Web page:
By Brendan Rees
In just a few short months a Narre Warren mother’s life has been torn apart.
At 57, Leanne Lawtey’s husband sadly lost his 12-month leukemia battle in the early hours of Tuesday morning 5 October.
And their 14-year-old daughter Aleacia, who hasn’t been able to see her father since June, is battling a rare disease.
“He was the love of my life,” Ms Lawtey said of her husband John. “A beautiful, beautiful soul.”
Ms Lawtey said her husband’s condition had begun to improve until he took a turn for the worse and “had no fight left in him”.
“We thought there was light at the end of the tunnel for him to come home,” she said.
Meanwhile, Ms Lawtey is a full-time carer to their daughter Aleacia who was born with hereditary spastic paraplegia, a neurological disorder that gradually stiffens and weakens the muscles.
She has been confined to a wheelchair since she was four and has never been able to walk independently.
In June, Aleacia underwent scoliosis surgery but her recovery took longer than expected and required intensive inpatient rehabilitation.
While Aleacia was in hospital, Ms Lawtey’s husband was admitted to the Olivia Newton-John Cancer and Wellness and Research Centre where he started chemotherapy.
But the family was told the only chance of a cure was through a stem cell transplant.
While several possible donors were found, the Covid-19 pandemic meant sourcing a donor from overseas “became near impossible and problematic”.
Their 16-year-old son then selflessly stepped up as a volunteer which “would change everything”.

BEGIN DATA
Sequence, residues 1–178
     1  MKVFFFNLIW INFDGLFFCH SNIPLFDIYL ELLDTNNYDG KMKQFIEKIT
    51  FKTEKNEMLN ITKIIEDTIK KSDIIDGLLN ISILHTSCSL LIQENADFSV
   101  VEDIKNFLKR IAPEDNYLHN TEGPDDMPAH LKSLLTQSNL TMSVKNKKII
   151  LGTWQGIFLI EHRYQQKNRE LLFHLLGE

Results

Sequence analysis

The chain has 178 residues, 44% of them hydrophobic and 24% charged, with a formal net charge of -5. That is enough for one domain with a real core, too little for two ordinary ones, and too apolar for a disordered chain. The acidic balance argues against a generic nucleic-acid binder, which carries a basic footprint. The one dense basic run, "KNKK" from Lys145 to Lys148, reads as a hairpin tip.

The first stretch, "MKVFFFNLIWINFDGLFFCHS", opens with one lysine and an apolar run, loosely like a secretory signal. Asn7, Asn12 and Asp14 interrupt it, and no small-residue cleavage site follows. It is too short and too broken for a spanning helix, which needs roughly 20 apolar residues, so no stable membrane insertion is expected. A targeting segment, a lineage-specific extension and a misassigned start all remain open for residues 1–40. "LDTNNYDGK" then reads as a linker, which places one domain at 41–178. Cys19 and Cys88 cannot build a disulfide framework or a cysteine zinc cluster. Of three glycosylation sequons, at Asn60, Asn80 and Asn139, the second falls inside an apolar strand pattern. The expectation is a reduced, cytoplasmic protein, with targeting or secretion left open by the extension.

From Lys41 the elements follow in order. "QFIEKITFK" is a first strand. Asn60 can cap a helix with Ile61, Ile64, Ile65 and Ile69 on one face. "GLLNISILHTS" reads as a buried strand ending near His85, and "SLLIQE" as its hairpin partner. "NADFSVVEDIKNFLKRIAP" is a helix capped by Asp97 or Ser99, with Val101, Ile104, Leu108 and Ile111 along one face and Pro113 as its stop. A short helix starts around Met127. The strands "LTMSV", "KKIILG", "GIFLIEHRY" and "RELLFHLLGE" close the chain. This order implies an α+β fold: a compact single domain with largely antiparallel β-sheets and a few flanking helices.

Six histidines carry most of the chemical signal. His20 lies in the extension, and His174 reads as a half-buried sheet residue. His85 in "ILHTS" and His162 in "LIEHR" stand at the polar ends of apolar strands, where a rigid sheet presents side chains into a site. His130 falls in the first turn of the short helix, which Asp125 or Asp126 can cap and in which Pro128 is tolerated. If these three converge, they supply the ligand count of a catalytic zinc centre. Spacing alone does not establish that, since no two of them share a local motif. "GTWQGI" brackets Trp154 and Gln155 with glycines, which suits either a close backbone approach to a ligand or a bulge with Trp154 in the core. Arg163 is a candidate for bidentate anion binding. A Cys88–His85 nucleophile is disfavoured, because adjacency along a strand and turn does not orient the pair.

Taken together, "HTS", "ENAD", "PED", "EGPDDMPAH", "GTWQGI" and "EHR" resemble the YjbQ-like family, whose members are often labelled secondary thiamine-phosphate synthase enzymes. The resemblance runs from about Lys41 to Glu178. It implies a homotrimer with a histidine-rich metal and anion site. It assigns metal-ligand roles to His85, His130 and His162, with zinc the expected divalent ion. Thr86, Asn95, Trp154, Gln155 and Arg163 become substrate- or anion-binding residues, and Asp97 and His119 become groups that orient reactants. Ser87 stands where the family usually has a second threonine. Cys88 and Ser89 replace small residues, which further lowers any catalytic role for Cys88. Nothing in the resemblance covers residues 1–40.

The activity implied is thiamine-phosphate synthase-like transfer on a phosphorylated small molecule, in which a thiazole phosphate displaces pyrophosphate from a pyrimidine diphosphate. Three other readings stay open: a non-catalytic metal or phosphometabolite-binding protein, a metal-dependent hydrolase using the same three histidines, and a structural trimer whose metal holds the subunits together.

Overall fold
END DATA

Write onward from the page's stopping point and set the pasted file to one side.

“It was no longer an allogeneic stem cell transplant, Ms Lawtey said. “It became a haploidentical stem cell transplant and had never been done at the ONJ centre before. John is now their first haplo transplant.”
A haploidentical transplant uses healthy, blood-forming cells from a half-matched donor to replace the unhealthy ones in which the donor is typically a family member.
“All the while I was trying my best to support my daughter in hospital, my son going through the donation process and my husband who was also in hospital,” Ms Lawtey said.
In spite of their grief the family now face another hurdle.
“When my daughter was finally able to go home we were unable to transport her as we don’t have a wheelchair accessible car and I could no longer lift or slide her into our 14-year-old van,” Ms Lawtey said, adding she was limited to using national patient transport.
“Aleacia has missed several appointments at the Royal Children’s Hospital because I am unable to transport her.”
With the family’s income reduced to Centrelink support and unable to afford taxi fares, Ms Lawtey has now launched a desperate appeal to raise more than $15,000 so she can buy a wheelchair- accessible car for her daughter.
“We are unable to get or pay off a loan, so I have started a GoFundMe in hopes that kind hearted, generous souls will assist us to purchase a reliable second-hand wheelchair accessible car.”
Ms Lawtey said she gave a “heartfelt thank you” to anyone that could help her family.
To donate visit: https://www.gofundme.com/f/wheelchair-car-for-daughter-of-leukaemia-patient?utm_medium=copy_link&utm_source=customer&utm_campaign=p_lico+share-sheet